Consistency between Parent-Report and Direct Measure of Toddler Temperament

Poster Presentation
Friday, May 11, 2018: 11:30 AM-1:30 PM
Hall Grote Zaal (de Doelen ICC Rotterdam)
K. Villarreal1, S. Macari1, H. Neiderman1, F. E. Kane-Grade2, M. Wilkinson1, A. Zakin1, D. Macris1, L. DiNicola3, P. Heymann1, A. Milgramm4, E. Hilton1 and K. Chawarska1, (1)Child Study Center, Yale University School of Medicine, New Haven, CT, (2)Boston Children's Hospital Labs of Cognitive Neuroscience, Boston, MA, (3)Yale Child Study Center, Yale University School of Medicine, New Haven, CT, (4)Center for Autism and Related Disabilities, Albany, NY
Background: According to parent report, toddlers with Autism Spectrum Disorder (ASD) show increased negative emotionality and diminished positively-valenced temperamental features (Clifford et al. 2012; Macari et al. 2017) compared to toddlers with typical development (TD). Complementary to parent report are direct measures of temperament such as the Laboratory Temperament Assessment Battery (Lab-TAB; Goldsmith & Rothbart, 1999), designed to induce emotions through challenges that imitate everyday situations. However, only modest associations have been found between parent report and observational measures in preschoolers (Gagne et al., 2011) and infants (Planalp et al., 2017). Despite the importance of temperament for understanding heterogeneity of syndrome expression in ASD (Macari et al, 2017), little is known about the agreement between laboratory-observed emotional reactions and parent report in toddlers with ASD.

Objectives: To investigate the relationships between intensity of positively- and negatively-valenced emotions elicited during the Lab-TAB and parent reported temperament on related scales of the Early Childhood Behavior Questionnaire (ECBQ; Putnam, Gartstein, & Rothbart, 2006).

Methods: Participants included 74 toddlers, 39 with ASD (Mage=21.9 months) and 35 with TD (Mage=20.8 months). All toddlers completed the LabTAB consisting of nine behavioral tasks designed to elicit three emotions: frustration, joy and fear. Behavioral ratings of peak fear, anger and joy reactions were coded offline by blind raters using indices of facial, bodily, and vocal emotion expression. ECBQ was used to quantify parental perception of child temperament. Correlation analysis was used to evaluate the relationship between Lab-TAB Frustration and ECBQ Anger; between Lab-TAB Joy and ECBQ Positive Anticipation; and between Lab-TAB Fear and ECBQ Fear separately in the ASD and TD groups. Fisher r-to-z transformations were used to test the significance of the difference between correlations.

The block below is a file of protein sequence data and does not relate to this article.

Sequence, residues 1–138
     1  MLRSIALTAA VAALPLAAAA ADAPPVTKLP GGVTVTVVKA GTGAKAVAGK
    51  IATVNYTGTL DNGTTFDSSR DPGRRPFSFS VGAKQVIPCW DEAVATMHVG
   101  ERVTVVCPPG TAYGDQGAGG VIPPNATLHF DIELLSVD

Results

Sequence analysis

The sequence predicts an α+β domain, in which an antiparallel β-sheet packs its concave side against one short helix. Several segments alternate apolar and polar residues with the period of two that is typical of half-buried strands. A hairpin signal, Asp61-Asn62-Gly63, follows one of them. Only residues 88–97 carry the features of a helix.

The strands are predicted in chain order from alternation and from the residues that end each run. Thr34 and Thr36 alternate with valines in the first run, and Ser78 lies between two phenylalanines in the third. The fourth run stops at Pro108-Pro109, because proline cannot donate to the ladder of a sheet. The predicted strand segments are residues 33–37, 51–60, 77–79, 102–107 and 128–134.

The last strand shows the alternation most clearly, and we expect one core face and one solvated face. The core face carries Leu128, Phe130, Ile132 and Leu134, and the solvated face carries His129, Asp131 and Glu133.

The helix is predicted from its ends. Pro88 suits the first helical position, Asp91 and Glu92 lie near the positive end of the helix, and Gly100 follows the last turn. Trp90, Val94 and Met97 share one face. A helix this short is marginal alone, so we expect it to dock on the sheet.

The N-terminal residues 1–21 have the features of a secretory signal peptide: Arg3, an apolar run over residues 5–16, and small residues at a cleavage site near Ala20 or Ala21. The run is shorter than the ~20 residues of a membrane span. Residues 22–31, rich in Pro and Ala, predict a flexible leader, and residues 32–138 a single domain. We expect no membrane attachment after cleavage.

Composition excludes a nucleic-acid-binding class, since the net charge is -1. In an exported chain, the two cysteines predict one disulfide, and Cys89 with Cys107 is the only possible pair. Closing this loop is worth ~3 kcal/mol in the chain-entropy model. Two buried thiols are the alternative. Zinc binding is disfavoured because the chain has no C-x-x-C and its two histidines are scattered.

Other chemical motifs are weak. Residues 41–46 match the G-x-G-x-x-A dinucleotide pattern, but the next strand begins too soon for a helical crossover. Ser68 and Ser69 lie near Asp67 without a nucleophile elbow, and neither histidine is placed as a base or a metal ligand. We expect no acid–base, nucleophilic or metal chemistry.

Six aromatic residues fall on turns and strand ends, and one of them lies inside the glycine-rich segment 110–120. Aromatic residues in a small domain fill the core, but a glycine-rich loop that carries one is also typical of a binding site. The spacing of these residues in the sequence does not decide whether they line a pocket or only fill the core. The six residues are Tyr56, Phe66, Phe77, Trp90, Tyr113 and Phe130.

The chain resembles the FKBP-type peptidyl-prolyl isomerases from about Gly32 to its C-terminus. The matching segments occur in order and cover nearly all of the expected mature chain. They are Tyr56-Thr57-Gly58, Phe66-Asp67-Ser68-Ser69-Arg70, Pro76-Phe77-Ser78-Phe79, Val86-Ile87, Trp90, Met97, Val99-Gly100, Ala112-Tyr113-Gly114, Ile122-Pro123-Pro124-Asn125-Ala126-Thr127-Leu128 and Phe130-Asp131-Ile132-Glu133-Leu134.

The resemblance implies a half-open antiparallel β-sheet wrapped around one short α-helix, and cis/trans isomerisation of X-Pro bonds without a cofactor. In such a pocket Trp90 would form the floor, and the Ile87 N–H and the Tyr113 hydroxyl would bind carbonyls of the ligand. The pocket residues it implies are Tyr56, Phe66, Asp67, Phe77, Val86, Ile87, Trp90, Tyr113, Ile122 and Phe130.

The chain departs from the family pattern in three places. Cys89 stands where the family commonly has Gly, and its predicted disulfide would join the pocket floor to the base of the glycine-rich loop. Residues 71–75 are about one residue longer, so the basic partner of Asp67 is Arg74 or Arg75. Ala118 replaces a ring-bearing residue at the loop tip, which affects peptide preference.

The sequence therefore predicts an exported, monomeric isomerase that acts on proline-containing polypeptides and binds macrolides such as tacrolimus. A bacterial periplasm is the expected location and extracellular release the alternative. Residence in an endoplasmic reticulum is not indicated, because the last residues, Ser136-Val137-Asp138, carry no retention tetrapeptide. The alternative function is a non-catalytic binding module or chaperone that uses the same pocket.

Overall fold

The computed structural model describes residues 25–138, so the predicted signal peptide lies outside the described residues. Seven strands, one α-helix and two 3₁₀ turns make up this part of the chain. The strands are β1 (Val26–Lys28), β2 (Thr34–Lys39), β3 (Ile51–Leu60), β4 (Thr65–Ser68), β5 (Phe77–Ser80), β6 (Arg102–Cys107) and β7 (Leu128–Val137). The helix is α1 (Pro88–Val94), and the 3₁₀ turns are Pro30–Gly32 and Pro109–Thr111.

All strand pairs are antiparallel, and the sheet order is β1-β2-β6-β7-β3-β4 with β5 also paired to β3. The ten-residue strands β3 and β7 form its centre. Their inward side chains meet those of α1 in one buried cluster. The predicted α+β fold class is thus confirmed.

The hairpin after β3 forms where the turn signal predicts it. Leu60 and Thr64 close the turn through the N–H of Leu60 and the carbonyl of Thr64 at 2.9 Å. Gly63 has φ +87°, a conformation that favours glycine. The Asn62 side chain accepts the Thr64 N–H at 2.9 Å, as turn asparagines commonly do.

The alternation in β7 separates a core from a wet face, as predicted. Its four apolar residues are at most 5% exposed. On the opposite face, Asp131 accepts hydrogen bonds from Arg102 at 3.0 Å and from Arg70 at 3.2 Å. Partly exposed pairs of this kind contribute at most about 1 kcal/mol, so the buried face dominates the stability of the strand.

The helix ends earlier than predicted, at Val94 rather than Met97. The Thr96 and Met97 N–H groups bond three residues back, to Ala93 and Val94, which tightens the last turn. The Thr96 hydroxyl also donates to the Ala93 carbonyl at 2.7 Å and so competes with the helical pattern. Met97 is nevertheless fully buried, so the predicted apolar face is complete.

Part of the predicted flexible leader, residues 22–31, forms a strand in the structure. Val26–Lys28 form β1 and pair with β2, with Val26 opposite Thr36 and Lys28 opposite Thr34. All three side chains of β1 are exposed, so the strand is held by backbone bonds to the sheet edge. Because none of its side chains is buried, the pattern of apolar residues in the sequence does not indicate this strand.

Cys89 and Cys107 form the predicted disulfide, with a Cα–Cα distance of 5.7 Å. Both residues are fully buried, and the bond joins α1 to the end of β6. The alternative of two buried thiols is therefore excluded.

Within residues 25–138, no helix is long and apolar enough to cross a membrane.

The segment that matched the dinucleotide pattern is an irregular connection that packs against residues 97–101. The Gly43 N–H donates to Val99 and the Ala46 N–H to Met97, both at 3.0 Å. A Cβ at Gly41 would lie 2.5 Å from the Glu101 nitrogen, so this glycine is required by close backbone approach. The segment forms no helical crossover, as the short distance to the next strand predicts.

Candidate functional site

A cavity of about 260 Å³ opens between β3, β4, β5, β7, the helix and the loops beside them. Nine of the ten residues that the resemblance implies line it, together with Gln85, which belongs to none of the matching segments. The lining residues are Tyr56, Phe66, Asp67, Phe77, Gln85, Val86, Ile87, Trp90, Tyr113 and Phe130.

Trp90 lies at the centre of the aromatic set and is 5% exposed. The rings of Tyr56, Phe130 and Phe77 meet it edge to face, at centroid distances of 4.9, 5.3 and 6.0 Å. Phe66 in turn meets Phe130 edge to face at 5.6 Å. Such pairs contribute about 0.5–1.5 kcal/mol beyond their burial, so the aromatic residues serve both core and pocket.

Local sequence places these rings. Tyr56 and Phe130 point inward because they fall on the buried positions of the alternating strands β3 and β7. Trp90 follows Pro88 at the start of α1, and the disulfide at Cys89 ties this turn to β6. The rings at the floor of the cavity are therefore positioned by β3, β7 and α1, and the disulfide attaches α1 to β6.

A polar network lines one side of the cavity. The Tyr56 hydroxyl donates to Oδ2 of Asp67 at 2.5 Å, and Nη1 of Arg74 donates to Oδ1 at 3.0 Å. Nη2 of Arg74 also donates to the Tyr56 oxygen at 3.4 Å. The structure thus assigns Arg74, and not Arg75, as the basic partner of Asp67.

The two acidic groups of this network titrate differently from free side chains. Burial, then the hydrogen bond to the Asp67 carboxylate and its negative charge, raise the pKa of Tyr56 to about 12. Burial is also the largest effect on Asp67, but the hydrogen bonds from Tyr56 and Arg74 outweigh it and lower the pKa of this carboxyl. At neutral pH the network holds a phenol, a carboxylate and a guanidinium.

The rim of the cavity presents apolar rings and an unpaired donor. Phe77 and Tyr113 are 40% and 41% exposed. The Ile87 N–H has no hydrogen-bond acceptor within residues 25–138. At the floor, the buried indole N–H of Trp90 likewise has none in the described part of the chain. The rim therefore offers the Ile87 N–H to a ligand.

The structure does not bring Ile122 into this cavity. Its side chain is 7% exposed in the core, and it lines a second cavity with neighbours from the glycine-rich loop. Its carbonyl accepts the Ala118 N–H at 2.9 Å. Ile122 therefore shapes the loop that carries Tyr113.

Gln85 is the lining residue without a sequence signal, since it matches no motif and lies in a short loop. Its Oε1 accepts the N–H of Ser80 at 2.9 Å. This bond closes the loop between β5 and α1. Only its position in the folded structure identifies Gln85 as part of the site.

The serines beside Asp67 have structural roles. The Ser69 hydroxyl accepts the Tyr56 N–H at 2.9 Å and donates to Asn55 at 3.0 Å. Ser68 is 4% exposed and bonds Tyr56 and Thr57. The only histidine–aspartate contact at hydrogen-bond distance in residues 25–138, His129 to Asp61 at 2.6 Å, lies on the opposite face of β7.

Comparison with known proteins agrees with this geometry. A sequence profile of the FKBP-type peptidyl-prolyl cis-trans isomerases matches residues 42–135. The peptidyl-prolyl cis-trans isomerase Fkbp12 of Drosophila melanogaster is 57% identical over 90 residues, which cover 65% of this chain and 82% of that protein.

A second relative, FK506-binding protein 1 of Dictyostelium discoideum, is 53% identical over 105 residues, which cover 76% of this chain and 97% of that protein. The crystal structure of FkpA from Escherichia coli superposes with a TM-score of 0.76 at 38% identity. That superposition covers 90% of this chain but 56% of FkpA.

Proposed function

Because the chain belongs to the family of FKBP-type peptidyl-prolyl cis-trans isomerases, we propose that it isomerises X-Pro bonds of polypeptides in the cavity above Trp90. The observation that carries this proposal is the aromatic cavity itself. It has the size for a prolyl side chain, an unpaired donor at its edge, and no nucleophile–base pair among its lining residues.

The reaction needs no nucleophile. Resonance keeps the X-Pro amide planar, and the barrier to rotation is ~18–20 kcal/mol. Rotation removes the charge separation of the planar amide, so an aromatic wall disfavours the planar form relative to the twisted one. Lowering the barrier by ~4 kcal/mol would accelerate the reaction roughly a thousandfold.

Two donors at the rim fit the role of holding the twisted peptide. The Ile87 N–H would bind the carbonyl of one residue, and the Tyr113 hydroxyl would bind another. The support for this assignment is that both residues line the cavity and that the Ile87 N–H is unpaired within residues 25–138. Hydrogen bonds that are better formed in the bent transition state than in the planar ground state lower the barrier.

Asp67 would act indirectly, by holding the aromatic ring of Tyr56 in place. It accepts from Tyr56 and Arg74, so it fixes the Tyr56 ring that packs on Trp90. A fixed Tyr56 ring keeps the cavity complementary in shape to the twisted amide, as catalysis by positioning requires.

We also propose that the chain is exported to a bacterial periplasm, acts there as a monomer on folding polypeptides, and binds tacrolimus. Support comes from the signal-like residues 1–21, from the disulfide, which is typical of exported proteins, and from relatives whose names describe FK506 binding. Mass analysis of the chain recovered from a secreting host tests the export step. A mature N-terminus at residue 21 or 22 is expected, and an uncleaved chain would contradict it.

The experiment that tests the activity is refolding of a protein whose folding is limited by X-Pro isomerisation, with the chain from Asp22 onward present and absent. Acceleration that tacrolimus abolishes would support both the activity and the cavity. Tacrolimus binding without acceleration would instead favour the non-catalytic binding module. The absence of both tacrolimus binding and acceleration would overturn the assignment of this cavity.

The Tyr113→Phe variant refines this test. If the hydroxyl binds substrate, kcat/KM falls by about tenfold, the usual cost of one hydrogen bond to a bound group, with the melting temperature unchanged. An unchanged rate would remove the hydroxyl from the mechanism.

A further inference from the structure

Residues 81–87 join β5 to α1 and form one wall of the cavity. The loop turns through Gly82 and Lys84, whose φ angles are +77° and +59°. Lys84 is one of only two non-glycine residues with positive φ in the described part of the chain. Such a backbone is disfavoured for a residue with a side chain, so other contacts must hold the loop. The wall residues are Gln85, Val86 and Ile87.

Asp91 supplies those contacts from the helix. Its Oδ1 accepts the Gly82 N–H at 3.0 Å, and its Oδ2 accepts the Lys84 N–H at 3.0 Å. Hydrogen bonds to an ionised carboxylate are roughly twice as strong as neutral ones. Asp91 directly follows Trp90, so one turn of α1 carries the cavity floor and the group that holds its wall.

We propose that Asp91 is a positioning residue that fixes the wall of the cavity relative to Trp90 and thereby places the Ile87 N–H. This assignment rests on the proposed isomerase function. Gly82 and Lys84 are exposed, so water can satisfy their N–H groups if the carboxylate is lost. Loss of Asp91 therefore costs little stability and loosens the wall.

Results: The ASD group showed a moderately strong positive correlation for all domains (anger r=.415, fear r=.414, joy r=.334, all p-values= < .05); the TD group showed moderate to high correlations for fear and joy (r=.697 and r =.368 respectively, p-values= <.05) but not for anger (r= .212 p=.221). In terms of differences between diagnostic groups in the magnitude of ECBQ/Lab-TAB correlations, no significant difference was observed for anger or joy (p>.05), but for fear, the correlation was marginally higher in the TD group than in the ASD group (p =.076).

Conclusions: Both the ASD and TD groups showed moderate associations between parent-reported and observed intensity of joy, however, regarding anger, only the ASD group displayed a significant relationship. Concerning fearful emotion, both groups exhibited significant intercorrelations, but parent ratings in the TD group were more consistent with real-world behaviors as compared to those of the ASD group. This finding suggests that parents of toddlers with ASD may have difficulty gauging the intensity of their toddler’s apprehension, which could be related to ambiguity in emotional expression often exhibited in those with ASD (Kane-Grande et al., 2017; Abstract #2 of the panel). A mismatch between what the parent observes and what the child feels may hamper social exchanges within the dyad. Thus, the findings may have important clinical implications in social communication interventions.